# How is the Hubble constant determined from gravitational waves?

We know there is a discrepancy between measurements of the Hubble constant, $$H_0$$. On one side there is the method of the Planck mission, where they use the CMB and the $$\Lambda$$CDM model to determine the Hubble constant. On the other side, they use standard candles, like Cepheid variables (for example: Riess et al., 2019) and red giants (for example: Freedman et al., 2020). The very precise measurements don’t overlap and thus we need a ‘solution’.

One way to improve our knowledge about $$H_0$$ is by using gravitational waves to determine the Hubble constant (Feeney et al., Arxiv version). They compare the measured ‘strength’ of the gravitational wave with the ‘strength’ of the wave when it was created to determine the distance to the source object. But how do they calculate/determine the ‘strength’ of the wave at the source? I know they also use an EMS observation for calculating the redshift (and that redshift converted to radial velocity divided by the distance gives $$H_0$$), but from where do they calculate the source-‘strength’ of the gravitational wave? How can they otherwise determine how much energy the wave has lost? I can’t seem to find the answer.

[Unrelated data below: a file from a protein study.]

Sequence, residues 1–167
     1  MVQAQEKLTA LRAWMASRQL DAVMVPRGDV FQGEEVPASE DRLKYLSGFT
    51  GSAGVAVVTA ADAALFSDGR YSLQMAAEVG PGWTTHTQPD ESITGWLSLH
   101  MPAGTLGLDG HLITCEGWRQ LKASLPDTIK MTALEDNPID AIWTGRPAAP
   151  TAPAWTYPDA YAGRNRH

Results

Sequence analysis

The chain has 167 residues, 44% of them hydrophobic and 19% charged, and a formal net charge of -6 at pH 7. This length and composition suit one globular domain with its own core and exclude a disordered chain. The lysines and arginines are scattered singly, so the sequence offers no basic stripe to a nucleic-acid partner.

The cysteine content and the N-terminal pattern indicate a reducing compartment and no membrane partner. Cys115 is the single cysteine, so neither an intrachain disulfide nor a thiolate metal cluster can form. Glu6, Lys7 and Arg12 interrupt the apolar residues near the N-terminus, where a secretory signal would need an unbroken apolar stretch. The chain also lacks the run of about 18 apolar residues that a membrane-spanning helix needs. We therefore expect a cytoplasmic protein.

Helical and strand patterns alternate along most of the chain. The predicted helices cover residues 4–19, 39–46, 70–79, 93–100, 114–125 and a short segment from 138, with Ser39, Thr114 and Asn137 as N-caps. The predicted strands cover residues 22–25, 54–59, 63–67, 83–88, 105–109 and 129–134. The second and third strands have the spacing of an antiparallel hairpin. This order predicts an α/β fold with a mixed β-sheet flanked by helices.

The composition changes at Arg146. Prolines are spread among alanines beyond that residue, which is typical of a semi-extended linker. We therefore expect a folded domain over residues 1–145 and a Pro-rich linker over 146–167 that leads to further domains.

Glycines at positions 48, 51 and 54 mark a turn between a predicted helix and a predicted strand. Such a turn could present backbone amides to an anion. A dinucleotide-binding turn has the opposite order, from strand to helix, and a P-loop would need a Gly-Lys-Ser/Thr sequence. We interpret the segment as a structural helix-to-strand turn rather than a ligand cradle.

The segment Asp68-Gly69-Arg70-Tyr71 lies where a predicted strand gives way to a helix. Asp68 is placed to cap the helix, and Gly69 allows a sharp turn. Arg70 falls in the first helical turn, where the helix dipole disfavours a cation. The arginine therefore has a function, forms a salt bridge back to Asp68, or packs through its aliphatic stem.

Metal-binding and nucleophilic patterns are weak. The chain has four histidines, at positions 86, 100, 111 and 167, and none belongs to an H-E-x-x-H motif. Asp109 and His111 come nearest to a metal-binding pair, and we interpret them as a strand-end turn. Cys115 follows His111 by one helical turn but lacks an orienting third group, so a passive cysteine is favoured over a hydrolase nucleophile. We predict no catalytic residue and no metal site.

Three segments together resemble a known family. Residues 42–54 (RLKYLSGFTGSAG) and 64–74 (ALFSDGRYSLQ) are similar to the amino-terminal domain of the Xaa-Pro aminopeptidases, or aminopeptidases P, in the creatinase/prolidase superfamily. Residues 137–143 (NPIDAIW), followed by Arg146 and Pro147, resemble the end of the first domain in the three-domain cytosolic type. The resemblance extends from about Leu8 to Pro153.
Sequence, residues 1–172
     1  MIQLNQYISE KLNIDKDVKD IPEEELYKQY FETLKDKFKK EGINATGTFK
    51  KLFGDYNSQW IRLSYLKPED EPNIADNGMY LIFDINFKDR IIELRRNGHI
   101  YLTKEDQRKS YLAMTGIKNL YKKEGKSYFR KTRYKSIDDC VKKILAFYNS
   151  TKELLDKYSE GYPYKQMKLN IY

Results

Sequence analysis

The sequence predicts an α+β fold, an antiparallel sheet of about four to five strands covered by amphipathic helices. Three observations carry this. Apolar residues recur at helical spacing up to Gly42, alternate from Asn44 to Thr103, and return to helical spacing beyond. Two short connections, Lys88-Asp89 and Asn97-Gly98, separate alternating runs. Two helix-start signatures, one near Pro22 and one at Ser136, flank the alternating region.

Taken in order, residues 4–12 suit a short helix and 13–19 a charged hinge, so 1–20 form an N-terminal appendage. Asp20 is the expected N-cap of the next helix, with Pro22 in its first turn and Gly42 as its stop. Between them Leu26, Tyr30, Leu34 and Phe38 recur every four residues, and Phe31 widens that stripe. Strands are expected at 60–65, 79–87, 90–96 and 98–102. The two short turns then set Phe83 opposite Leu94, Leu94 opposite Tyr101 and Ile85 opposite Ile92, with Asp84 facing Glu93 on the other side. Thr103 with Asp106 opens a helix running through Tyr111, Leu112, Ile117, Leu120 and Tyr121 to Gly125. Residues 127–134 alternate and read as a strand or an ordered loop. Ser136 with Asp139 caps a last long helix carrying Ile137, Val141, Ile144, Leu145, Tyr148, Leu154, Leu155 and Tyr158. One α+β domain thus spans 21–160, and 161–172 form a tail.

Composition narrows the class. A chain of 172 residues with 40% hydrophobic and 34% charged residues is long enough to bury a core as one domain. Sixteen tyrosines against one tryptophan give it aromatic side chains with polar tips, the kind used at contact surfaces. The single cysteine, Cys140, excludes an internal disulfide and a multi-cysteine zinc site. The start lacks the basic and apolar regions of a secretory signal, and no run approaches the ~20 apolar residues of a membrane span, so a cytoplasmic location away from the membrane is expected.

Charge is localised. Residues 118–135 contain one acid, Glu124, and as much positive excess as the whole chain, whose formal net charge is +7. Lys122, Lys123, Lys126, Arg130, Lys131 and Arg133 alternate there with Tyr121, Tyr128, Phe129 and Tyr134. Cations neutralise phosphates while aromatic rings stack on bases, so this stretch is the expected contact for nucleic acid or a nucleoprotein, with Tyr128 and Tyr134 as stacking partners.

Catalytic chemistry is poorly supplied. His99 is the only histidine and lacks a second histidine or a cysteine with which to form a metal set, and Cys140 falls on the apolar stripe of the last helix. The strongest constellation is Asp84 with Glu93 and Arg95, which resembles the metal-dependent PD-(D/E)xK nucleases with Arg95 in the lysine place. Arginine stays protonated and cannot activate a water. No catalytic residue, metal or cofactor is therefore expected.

• There are statistical methods for determining $H_0$ without having to identify a host galaxy. (Essentially, you end up doing a weighted average over all possible hosts in the localization error box.) – mmeent Jun 2 '20 at 15:15